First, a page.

This week the 4th South African-Japan Universities (SAJU) conference took place at the Future Africa auditorium at the University of Pretoria, where over 220 delegates were in attendance.

According to SAJU, all parties declared a deeply felt belief that collaboration between academics, institutions and nations is the way to go if the world’s problems are to be tackled and if the United Nations sustainable development goals are to be realised across the globe.

“What we have at SAJU is a collective space that allows for transdisciplinary research that crosses national borders and disciplines. We need to ensure that we use this space as this network opportunity cleverly, strategically, efficiently and productively,” said UP vice-chancellor and principal, Professor Tawana Kupe.

Furthermore, the Vice President of the Tokyo University of Foreign Studies, Professor Jun Matsukuma, agreed that with relationships now solidified between South Africa and Japanese scholars over the past decade, it was time now to explore transdisciplinary collaborations, as this promised to create more positive outcomes.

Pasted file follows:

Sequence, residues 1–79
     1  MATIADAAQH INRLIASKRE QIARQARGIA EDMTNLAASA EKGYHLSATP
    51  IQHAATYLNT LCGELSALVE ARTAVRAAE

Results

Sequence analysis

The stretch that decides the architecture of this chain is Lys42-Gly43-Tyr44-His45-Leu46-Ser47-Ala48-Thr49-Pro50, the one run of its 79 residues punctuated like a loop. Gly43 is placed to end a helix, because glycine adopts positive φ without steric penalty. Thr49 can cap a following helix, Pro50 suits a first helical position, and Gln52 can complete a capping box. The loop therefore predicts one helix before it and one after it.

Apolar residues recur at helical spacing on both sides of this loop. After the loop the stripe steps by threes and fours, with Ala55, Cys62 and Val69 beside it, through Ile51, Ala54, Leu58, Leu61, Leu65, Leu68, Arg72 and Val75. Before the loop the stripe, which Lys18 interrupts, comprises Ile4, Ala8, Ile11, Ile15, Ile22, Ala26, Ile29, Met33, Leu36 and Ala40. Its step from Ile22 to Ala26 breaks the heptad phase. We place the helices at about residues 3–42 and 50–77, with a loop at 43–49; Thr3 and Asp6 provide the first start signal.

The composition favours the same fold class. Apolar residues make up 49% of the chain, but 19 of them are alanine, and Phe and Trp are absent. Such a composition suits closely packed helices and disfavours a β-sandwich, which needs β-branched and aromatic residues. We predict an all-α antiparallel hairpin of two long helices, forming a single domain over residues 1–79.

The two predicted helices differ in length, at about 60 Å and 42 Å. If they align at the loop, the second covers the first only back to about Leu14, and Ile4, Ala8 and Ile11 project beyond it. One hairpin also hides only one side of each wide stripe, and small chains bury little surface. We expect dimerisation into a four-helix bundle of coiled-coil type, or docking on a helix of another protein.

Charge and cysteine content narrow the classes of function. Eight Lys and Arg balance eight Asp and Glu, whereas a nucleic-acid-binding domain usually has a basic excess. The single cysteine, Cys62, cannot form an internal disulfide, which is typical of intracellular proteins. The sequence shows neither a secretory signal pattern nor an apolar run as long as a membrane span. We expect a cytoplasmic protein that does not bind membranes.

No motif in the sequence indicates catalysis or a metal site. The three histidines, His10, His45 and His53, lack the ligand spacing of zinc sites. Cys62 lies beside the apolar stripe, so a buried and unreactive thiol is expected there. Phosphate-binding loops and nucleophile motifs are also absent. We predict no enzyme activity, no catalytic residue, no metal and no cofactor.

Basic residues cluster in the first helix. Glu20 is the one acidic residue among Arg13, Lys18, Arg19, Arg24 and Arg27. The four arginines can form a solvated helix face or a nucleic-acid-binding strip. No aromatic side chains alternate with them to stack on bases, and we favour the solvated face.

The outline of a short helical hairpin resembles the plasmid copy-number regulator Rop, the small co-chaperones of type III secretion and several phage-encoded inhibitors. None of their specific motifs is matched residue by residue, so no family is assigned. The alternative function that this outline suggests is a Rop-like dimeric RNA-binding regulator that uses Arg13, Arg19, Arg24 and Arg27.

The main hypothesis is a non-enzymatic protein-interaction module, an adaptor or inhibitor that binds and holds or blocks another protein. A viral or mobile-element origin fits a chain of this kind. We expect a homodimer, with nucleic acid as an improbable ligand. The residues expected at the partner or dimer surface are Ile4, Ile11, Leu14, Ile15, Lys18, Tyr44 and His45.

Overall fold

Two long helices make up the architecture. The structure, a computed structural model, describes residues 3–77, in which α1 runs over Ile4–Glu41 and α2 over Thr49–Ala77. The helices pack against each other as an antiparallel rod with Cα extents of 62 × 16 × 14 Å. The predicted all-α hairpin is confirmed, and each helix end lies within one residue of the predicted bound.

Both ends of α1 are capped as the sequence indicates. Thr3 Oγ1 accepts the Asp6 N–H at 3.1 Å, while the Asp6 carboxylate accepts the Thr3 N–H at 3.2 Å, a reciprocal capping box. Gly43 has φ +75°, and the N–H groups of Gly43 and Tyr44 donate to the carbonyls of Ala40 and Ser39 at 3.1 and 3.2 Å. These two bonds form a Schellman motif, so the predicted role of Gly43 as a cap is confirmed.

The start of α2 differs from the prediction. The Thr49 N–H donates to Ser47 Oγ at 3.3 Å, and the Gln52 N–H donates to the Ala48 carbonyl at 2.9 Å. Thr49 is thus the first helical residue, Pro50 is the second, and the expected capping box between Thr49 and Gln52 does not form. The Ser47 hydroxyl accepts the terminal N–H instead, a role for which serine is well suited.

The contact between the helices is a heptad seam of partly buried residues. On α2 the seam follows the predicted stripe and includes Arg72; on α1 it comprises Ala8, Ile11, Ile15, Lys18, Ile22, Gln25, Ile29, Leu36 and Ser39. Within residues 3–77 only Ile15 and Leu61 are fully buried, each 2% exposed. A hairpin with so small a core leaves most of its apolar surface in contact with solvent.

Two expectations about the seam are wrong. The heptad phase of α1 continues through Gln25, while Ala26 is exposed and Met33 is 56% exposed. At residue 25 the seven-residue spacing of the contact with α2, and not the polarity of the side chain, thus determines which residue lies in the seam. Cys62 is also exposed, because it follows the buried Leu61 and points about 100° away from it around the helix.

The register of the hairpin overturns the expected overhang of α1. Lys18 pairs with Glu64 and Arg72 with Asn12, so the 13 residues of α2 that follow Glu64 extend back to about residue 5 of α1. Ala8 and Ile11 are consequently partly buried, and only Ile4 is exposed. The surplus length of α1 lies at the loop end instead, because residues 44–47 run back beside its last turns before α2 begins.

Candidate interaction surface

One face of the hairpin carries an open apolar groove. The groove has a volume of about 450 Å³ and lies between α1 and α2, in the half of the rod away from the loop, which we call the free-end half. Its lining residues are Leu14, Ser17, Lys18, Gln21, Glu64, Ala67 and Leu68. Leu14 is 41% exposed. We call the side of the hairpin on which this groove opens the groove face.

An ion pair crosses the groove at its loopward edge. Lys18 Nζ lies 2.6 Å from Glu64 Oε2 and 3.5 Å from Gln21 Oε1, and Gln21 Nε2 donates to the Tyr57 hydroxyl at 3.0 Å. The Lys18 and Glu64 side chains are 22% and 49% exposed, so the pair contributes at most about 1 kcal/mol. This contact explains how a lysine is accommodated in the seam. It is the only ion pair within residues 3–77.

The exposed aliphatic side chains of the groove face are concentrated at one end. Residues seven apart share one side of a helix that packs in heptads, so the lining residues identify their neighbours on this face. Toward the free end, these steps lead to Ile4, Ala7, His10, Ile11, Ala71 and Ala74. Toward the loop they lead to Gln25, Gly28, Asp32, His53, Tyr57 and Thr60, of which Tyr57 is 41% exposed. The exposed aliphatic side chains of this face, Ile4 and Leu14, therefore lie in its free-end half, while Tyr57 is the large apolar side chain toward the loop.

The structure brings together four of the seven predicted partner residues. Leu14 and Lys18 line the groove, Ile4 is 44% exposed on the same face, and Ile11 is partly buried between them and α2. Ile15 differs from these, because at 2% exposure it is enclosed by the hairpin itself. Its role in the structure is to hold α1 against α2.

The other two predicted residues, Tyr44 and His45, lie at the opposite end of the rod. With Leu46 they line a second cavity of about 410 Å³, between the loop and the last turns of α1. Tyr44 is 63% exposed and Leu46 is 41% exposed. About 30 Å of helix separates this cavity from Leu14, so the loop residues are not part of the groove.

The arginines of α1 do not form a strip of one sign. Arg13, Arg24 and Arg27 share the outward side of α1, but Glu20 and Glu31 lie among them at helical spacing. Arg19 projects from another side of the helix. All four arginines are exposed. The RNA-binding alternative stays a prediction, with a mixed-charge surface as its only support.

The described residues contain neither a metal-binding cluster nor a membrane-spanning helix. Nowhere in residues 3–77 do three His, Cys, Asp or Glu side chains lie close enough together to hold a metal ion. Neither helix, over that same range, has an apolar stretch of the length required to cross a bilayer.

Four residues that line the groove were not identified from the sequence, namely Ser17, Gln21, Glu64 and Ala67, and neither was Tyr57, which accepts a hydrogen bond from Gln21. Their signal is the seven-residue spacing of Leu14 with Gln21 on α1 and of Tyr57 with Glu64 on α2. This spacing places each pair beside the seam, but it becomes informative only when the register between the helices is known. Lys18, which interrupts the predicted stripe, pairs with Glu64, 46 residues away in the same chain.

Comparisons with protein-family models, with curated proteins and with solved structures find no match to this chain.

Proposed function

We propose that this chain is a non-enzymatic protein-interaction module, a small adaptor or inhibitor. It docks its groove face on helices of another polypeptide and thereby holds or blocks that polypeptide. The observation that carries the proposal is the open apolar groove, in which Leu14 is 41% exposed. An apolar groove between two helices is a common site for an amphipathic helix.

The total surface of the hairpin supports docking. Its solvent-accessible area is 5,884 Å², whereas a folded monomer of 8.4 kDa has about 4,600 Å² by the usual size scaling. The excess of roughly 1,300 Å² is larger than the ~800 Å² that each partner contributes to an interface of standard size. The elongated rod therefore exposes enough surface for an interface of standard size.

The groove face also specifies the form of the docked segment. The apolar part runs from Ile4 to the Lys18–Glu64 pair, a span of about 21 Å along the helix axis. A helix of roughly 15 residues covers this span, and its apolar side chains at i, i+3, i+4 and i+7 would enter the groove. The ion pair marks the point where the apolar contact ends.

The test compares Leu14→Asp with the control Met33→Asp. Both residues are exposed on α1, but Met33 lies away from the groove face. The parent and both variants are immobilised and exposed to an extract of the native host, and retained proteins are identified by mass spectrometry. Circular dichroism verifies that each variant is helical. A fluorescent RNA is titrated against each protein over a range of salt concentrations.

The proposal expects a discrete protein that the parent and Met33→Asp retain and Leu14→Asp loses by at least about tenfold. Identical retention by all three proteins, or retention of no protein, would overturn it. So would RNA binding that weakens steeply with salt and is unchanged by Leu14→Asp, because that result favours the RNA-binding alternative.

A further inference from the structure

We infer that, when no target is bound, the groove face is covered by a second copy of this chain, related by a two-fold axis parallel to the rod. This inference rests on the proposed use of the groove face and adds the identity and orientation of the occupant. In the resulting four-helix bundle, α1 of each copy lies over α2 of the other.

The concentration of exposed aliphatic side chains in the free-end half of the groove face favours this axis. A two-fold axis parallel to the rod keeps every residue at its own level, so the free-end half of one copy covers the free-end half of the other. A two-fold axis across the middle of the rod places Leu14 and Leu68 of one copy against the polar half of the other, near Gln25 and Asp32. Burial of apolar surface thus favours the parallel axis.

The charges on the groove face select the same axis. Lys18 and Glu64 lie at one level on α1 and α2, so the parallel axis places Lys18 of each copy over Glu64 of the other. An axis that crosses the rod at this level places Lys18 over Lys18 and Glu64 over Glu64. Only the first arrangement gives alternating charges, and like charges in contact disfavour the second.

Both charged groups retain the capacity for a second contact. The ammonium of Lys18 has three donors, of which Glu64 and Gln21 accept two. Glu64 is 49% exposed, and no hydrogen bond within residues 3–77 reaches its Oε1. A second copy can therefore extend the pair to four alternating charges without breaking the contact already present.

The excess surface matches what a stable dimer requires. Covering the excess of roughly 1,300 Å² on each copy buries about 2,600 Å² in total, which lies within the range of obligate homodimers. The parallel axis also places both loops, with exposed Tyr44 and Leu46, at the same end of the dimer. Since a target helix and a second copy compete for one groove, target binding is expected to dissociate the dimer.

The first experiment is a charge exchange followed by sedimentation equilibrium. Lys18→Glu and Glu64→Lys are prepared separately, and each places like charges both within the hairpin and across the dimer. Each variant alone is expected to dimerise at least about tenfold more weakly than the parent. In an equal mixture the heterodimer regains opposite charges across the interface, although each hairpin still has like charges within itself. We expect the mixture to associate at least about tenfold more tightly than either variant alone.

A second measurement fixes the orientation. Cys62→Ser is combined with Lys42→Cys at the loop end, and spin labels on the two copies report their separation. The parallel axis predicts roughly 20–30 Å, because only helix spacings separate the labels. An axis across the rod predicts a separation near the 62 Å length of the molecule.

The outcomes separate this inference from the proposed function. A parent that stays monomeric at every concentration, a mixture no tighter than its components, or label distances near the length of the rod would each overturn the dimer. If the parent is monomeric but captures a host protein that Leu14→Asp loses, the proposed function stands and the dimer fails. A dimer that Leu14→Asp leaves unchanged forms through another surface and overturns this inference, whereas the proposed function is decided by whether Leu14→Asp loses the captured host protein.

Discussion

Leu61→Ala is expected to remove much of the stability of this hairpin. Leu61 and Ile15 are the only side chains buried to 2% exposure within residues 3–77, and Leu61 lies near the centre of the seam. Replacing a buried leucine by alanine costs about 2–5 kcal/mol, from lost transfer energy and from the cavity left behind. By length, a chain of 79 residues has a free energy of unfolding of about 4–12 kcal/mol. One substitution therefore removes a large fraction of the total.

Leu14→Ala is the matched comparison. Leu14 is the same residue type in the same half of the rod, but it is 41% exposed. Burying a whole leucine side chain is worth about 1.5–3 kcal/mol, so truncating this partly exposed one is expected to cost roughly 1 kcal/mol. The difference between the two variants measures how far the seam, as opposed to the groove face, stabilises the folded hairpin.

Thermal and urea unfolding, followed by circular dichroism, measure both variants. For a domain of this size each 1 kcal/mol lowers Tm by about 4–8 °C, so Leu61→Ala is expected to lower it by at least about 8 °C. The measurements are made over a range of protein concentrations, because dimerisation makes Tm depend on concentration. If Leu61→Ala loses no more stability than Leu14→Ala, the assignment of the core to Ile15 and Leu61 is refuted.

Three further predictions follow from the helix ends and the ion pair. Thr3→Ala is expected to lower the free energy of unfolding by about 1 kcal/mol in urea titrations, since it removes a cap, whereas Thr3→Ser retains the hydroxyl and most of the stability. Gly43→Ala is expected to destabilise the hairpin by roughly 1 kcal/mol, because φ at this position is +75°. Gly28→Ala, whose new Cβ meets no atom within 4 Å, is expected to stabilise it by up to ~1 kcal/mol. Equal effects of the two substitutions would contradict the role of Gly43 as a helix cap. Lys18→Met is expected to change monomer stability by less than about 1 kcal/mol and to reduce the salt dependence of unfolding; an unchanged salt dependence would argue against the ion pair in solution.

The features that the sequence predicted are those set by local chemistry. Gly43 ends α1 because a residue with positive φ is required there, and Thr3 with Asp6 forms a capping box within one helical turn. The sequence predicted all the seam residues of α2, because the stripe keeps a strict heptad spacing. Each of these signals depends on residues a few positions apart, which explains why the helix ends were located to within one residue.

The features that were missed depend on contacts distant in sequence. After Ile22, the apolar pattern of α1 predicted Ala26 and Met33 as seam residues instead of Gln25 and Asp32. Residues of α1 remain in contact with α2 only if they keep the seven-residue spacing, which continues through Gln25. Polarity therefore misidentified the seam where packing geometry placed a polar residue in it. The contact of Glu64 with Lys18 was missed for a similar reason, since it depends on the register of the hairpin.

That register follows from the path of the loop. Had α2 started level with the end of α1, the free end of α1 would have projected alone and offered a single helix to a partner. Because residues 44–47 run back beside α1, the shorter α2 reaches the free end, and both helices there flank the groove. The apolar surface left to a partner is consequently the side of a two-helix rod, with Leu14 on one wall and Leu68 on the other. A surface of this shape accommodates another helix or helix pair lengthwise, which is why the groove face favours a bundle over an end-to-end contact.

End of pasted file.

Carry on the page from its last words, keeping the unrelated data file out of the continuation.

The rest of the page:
“There is ample room for jurist and engineers, economics and medical scientist, and sociologist and geologist to now work together,” added Matsukuma.

Matsukuma adds that there are three advantages of the SAJU relationship.

Firstly both South Africa and Japan had made significant efforts to confront their own social problems and consequently had a unique perspective about science and its relationship with society.

Secondly, the SAJU forum serves as an ideal platform to hold conversations to foster mutual trust, which is a critical prerequisite for effective research collaboration.

Lastly, the openness of the SAJU forum to engage government and business communities has also afforded the forum the chance to engage and learn from practitioners as well.

[Image – USAf]